Meet Kevin Jennings, the man now in charge of safety for America’s government-run schools. He begins his reign as “safe schools czar” like many Obama appointees — with an awkward declaration about previous transgressions related to his new employment.
From ABC’s Political Punch Blog, we read:
Jennings today issued a statement saying, “Twenty-one years later I can see how I should have handled the situation differently. I should have asked for more information and consulted legal or medical authorities. Teachers back then had little training and guidance about this kind of thing. All teachers should have a basic level of preparedness. I would like to see the Office of Safe and Drug Free Schools play a bigger role in helping to prepare teachers.”
The “situation,” or “this kind of thing” as he calls it, refers to Jennings’ days as a private school teacher in the spring of 1988 when a 15-year-old student confessed to him that he had engaged in homosexual acts with an adult stranger he had met at a city bus station. Jennings “listened, sympathized, and offered advice” to the youth, but that was it.
Let’s put this in context. In the late 1980s AIDS diagnoses were skyrocketing, with roughly 40,000 cases reported in the U.S. in 1988 alone and 25,000 deaths. In his 1994 book One Teacher in Ten, Jennings acknowledged telling this teen that his own “best friend” had just died of AIDS. Jennings also said the teen had indicated he had not worn a condom.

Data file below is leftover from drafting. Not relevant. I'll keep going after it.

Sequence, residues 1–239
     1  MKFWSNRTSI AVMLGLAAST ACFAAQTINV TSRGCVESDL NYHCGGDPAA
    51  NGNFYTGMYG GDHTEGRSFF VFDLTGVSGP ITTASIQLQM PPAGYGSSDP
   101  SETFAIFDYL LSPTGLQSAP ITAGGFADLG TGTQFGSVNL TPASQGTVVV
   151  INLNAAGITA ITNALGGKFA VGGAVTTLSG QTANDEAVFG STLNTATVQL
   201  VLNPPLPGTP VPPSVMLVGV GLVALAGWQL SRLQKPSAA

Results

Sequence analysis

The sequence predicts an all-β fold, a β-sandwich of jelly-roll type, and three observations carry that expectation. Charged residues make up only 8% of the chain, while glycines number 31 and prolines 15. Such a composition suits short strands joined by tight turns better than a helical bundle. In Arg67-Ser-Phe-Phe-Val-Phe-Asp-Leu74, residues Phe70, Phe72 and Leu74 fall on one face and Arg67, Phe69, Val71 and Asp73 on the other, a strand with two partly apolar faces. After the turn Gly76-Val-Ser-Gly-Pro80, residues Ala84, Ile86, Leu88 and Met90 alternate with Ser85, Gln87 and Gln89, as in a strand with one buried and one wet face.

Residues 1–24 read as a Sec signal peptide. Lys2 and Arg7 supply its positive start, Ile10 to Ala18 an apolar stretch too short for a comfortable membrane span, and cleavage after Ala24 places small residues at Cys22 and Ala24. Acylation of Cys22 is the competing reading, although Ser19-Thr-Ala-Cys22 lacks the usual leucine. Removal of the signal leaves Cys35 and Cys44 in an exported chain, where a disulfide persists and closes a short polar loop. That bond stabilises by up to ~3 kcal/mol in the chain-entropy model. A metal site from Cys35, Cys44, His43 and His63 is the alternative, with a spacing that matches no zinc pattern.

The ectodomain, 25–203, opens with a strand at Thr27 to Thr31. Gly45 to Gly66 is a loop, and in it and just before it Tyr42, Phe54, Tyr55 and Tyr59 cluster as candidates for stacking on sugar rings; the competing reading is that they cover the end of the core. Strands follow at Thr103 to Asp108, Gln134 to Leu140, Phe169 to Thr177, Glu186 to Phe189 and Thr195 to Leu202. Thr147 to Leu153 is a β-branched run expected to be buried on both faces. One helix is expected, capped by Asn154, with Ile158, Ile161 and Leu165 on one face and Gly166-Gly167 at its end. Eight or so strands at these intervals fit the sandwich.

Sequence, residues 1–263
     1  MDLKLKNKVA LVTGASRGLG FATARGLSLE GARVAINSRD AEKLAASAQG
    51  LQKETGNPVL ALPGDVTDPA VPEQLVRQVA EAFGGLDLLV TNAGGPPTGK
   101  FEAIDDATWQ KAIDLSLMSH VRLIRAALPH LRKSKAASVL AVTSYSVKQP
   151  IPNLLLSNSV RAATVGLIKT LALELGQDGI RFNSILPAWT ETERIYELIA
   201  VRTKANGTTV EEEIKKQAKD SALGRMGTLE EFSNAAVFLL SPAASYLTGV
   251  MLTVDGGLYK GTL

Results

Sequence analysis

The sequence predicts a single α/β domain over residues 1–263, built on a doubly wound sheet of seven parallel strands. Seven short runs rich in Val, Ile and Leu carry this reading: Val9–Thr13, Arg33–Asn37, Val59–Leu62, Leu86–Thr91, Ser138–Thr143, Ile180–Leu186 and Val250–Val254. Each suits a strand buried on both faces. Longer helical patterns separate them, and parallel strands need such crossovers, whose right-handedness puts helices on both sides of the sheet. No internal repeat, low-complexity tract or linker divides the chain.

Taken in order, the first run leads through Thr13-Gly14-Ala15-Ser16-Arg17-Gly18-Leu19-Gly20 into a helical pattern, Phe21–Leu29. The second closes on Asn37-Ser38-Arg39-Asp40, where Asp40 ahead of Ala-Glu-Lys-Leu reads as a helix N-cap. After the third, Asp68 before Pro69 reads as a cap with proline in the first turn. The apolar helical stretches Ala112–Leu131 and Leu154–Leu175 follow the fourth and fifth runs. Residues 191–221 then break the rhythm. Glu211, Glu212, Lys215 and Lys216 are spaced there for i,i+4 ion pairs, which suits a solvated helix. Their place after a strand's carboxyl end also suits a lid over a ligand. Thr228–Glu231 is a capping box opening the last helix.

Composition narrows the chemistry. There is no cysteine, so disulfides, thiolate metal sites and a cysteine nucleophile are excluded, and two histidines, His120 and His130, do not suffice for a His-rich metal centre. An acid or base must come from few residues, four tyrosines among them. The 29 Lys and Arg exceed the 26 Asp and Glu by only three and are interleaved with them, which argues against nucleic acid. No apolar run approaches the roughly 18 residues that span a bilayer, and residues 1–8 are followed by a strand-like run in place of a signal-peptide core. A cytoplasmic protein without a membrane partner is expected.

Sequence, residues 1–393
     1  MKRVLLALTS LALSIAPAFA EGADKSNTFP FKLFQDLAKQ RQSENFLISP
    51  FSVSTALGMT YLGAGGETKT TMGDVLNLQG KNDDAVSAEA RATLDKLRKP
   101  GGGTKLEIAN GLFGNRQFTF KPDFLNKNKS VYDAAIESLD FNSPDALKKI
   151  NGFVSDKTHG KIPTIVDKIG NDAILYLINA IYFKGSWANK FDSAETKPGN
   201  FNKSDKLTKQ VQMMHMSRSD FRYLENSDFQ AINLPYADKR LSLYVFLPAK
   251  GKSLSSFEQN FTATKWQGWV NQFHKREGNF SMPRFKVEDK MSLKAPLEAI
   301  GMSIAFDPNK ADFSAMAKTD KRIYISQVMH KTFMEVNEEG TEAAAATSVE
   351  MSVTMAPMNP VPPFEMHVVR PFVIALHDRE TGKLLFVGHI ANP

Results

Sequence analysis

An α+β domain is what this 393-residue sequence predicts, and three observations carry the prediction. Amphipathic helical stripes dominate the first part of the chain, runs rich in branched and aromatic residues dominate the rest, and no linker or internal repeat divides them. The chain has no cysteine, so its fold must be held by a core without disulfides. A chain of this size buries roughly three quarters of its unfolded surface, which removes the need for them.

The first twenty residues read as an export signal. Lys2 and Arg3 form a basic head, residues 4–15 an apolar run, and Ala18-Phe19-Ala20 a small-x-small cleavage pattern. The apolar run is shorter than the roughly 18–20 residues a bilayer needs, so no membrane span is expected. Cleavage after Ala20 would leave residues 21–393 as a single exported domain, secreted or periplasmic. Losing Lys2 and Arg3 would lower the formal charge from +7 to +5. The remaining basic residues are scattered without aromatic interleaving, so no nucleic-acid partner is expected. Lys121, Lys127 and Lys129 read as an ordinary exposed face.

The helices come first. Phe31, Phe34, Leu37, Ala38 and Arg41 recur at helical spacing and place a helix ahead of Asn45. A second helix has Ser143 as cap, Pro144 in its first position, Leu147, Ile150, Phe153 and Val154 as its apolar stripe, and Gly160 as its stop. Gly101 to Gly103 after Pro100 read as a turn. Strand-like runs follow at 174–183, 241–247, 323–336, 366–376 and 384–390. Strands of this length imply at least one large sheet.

There’s no doubt that Jennings understood the risk of infection. But he let the kid walk.
Now Kevin Jennings, our “safe schools czar,” wants us to believe that a lack of training “back then” prevented him from acting to protect the health and safety of the youth who had been been the victim of statutory rape.
In the spring of 1988, when Jennings chatted with the boy he calls “Brewster,” USA Today reported that new studies showed almost everyone infected with the AIDS virus would get the usually-fatal disease (March 14, 1988, Section 4D). The papers carried frequent headlines about the illness. But apparently Jennings wants us to believe that a lack of teacher training curriculum caused his criminal negligence regarding the safety of this child.
Yes, the word is “criminal.” Massachusetts law made teachers mandatory reporters of any sex act between an adult and a child under 18. Jennings didn’t report it.